Native to Southeast Asia, the Alocasia Regal Shield is a tropical evergreen. If this perennial doesn’t ring a bell, it’s also known by its common name, Elephant Ear.
Hence its name, it’s mainly distinguished by its massive, elephant ear-like leaves. It’s also renowned for its deep-veined, dark green foliage with a matte sheen and its thick trunk or pseudostem. On the undersides of its leaves is a dark purple-red hue. It’s bound to add coarse texture and richness to a space.
Alocasia Regal Shield Care
The alocasia regal shield can be picky with its care. This may come off as a surprise to some as many tropical houseplants are easy to care for.
The good news is, regal shields will make it loud and clear when they’re unhappy. As long as you meet their semi-uptight needs, they should thrive. Speaking of their needs, let’s discuss what they require to survive.
Neutral to slightly acidic soil is best for regal shields. Go for a soil that isn’t too dense to ensure your moisture-loving alocasia won’t get oversaturated with water. Not enough drainage can cause root rot.
Alocasias prefer moderate watering. However, only water if the first top few inches of soil is dry. How often it needs water will depend on the temperature, lighting, and humidity.
Never let your Alocasia ‘Regal Shield’ get direct sunlight as it can scorch its leaves. Partial, indirect lighting is its favorite. Think morning sun.
Due to its preferences, this plant will best thrive in an east-facing window. It can also do okay in a west-facing window.
Humidity & Temperature
Regal shields are finicky when it comes to humidity and temperature. They’re very sensitive to cold and frost.
To keep them happy, they prefer temperatures between 70 and 85 degrees Fahrenheit. They’re also fans of high humidity between 65 and 80%. You may want to consider getting an air humidifier for your alocasia if grown indoors.
Don’t fertilize your alocasia in the winter. Instead, fertilize it monthly during the warmer seasons.
Avoid using cheap fertilizers on your elephant ear. Cheap fertilizers often have a high level of salt that tend to be harsh for the poor salt-intolerant regal shield. A good quality, light fertilizer is ideal.
Elephant ears are easy to propagate via corms. With a sterile knife, cut the corm from the plant. Try to include some roots. Place the corm in its own pot with soil.
Care for it like any other regal shield plant. Within weeks, it should develop more roots.
Diseases & Pests
Aphids are a common pest of the regal shield, as are spider mites. Others include scale, thrips, and mealybugs.
As for diseases, they’re susceptible to many bacterial and fungal diseases. Some of these include sooty mold, powdery mildew, and leaf blight disease.
Both pets and humans are sensitive to the alocasia regal shield if chewed. The oxalate crystals contained within the plant can trigger oral pain and digestive issues.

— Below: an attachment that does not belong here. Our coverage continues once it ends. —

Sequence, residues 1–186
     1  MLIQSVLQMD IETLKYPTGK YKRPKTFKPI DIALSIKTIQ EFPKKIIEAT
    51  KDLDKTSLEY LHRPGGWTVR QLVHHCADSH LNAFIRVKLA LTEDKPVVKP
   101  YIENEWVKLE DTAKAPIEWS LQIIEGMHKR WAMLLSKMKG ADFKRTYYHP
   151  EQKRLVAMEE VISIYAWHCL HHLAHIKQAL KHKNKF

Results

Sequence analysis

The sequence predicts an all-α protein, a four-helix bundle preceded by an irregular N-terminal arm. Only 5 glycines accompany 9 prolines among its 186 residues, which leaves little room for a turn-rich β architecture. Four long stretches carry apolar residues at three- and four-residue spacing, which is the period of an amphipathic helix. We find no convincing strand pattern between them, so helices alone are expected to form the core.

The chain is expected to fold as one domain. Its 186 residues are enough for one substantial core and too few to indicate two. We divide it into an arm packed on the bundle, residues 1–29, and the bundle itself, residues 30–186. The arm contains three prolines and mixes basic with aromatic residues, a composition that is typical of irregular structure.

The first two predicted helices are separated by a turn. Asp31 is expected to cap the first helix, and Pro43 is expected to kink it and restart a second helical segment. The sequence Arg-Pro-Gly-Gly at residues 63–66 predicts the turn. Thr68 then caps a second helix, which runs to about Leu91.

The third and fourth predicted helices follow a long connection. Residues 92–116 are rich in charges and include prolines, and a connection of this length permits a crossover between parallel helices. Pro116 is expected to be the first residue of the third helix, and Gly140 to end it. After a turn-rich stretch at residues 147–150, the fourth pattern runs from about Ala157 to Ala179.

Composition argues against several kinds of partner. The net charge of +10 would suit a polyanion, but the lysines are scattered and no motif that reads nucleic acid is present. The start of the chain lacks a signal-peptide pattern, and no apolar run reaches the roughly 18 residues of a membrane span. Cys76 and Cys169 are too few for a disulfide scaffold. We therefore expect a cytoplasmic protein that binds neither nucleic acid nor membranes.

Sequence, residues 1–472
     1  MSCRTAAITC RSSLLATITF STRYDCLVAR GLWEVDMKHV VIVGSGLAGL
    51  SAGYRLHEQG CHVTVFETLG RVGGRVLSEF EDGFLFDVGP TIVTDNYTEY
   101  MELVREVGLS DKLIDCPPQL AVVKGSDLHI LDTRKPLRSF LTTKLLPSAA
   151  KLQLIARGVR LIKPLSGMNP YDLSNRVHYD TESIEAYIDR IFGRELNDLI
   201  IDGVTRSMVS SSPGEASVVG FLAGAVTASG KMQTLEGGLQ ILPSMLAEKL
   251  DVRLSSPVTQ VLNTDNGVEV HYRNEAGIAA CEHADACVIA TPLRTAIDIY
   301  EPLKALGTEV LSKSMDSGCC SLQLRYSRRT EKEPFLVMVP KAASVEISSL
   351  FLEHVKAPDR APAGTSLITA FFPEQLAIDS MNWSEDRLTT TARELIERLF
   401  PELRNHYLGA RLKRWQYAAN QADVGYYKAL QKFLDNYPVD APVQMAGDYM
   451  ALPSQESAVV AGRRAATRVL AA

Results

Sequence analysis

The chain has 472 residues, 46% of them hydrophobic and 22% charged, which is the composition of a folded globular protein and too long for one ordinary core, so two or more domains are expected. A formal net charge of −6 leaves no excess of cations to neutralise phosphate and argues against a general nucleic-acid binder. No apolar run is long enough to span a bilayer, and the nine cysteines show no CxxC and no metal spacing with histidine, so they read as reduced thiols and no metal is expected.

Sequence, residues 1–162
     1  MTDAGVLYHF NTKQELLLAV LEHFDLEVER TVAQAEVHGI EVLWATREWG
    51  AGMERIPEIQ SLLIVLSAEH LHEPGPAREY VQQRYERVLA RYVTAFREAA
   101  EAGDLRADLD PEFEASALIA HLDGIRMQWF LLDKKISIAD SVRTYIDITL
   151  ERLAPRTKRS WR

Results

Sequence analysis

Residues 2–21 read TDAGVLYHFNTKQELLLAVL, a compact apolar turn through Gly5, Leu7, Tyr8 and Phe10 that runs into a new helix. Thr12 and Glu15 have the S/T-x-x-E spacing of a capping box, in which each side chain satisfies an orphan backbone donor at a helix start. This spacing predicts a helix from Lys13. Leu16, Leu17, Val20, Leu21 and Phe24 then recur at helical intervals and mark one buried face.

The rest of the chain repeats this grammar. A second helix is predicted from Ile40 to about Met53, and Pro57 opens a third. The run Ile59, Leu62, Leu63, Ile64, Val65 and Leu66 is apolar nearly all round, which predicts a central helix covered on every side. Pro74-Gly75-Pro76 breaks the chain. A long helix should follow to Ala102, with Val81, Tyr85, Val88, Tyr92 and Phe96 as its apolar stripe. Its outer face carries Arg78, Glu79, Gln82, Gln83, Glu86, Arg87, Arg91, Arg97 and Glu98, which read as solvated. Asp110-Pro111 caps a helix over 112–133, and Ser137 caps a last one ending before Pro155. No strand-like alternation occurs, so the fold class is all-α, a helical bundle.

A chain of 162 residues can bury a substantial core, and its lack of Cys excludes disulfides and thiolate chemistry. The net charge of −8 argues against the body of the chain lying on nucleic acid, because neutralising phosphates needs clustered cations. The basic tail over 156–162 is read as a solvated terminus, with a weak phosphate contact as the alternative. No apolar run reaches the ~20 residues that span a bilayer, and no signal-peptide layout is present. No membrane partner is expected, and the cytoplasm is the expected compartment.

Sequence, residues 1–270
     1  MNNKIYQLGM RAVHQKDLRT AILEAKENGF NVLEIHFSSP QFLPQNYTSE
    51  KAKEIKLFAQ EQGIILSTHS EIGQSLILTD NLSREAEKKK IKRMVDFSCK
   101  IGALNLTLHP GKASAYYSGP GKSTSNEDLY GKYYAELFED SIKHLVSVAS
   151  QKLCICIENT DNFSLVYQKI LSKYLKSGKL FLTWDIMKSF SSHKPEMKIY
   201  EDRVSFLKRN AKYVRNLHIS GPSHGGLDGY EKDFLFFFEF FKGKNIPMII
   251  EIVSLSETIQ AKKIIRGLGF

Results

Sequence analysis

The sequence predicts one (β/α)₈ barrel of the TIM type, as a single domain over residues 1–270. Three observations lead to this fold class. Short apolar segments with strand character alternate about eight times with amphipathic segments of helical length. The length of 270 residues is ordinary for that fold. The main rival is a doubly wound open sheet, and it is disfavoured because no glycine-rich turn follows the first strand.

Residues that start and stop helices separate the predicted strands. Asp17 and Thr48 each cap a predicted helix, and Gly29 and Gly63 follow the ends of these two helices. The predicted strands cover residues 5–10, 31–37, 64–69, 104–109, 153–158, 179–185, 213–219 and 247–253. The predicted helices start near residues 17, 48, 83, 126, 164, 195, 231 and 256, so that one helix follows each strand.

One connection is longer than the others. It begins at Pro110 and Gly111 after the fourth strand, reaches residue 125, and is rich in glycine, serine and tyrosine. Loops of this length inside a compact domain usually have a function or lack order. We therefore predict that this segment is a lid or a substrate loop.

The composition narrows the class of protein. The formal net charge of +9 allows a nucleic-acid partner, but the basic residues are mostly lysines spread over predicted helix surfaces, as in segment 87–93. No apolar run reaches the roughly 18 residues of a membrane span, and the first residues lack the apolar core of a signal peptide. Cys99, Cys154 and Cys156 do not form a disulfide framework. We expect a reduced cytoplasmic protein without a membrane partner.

Regal Shield Flower
Flowers are rare on the regal shields elephant ear. However, they’re possible.
If the conditions are right, and the plant is mature, your elephant ear might produce white or green flowers. That look similar to those of the peace lily. If they bloom at all, it’ll be during the warmer, sunnier seasons.
Blooms of this alocasia are best encouraged when the temperature and humidity levels are stable.
Alocasia Regal Shield Leaves
While not always easy to care for, the alocasia regal shield is expressive when something’s wrong.
Elephant ear plants that are losing leaves can be either normal or problematic. If losing multiple leaves, this can be due to underwatering. Or changes in its growing conditions, like moving it to a less sunny area.
However, leaf loss in small amounts can be normal for elephant ears. This is because they can’t accommodate too many leaves at a time. Since their foliage is huge, and will drop older leaves to put energy towards newer growth.
Leaves curling on the alocasia regal shield may signify improper care. Lack of light/warmth/humidity, incorrect watering, or too much fertilizer can be causes. A pest infestation or potassium deficiency can also lead to curling of the leaves.
Leaves turning yellow on your plant? The most common cause of this is overwatering or overly moist soil.
If you notice leaf drooping, this is often due to over- or under-watering. The moisture of the soil might be able to give you a clue as to which it might be. Pest infestation or disease are other potential causes.
Alocasia Regal Shield v.s. Wentii
The size and leaf shape of regal shields and wentiis are pretty similar.
Wentii, however, have foliage that is longer and a bit thinner than the regal shield. In addition, the foliage of the regal shield tends to be a deeper green.